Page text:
It has been a momentous day for open government data. This morning the UK government announced its release of all data on central government spending above £25 000 – totalling around £80bn of the annual £670bn spend. At the launch, which Publish What You Fund attended, Francis Maude said “We are moving from need to know to right to know”, and in today’s Guardian article writes that “over time we want to give more detail on what the money is spent on and also where it is geographically spent. The information we are publishing today is a start, but we want to go further.”
The new data can be found at data.gov.uk. However, there are already a number of applications and visualisations tools that have been built to make the information more accessible and meaningful to the public. Find them on Timetric, on WhereDoesMyMoneyGo, and Information is Beautiful.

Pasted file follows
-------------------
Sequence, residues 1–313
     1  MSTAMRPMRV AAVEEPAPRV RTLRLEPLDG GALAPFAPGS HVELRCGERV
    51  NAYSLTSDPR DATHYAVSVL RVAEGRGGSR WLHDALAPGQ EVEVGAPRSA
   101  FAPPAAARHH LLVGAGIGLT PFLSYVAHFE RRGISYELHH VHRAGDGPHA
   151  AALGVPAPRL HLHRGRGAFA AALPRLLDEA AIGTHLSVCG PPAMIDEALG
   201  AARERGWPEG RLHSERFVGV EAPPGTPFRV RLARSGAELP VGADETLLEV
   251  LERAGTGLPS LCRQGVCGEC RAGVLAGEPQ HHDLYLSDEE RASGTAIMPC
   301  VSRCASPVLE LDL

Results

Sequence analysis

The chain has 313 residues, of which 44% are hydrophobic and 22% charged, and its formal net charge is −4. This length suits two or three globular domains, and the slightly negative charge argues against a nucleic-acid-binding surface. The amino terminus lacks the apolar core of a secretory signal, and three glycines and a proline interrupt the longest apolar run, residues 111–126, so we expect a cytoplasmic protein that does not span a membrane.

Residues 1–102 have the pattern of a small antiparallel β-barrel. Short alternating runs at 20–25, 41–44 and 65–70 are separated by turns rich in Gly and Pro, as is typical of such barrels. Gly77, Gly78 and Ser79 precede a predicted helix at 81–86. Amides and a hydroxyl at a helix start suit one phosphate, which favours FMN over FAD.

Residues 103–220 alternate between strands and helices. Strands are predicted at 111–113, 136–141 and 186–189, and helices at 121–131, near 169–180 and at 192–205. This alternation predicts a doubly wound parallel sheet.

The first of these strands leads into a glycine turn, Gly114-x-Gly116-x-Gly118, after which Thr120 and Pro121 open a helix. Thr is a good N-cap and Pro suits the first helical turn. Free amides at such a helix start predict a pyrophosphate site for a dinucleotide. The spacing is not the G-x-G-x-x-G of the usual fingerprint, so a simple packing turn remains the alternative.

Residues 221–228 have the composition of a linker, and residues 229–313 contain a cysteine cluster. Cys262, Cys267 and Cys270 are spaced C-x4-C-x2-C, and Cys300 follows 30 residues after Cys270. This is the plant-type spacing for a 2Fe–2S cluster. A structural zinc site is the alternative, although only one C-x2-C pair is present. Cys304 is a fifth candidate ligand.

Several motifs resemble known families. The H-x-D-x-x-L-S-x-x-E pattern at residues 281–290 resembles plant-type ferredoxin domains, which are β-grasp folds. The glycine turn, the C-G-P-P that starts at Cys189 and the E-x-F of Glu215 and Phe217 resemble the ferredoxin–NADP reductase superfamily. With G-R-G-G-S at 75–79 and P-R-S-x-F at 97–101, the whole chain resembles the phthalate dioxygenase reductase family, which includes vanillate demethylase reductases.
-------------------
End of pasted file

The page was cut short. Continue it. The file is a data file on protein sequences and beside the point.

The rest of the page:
The DFID data release needs to be explored, and we look forward to seeing more, but of course from an aid perspective the benefit of more information is only fully realised when it is comparable. We need to be able to compare and map donors such as the World Bank, US agencies and the European Commission to UK aid spending so that decisions about how the money is spent are made in relation to what others are doing.
This release is a great step in greater government accountability. However, to ensure the aid budget is used to best effect donors need to share their information with each other and with recipient countries from one portal. The vehicle currently being developed to deliver this international comparability is the International Aid Transparency Initiative (IATI).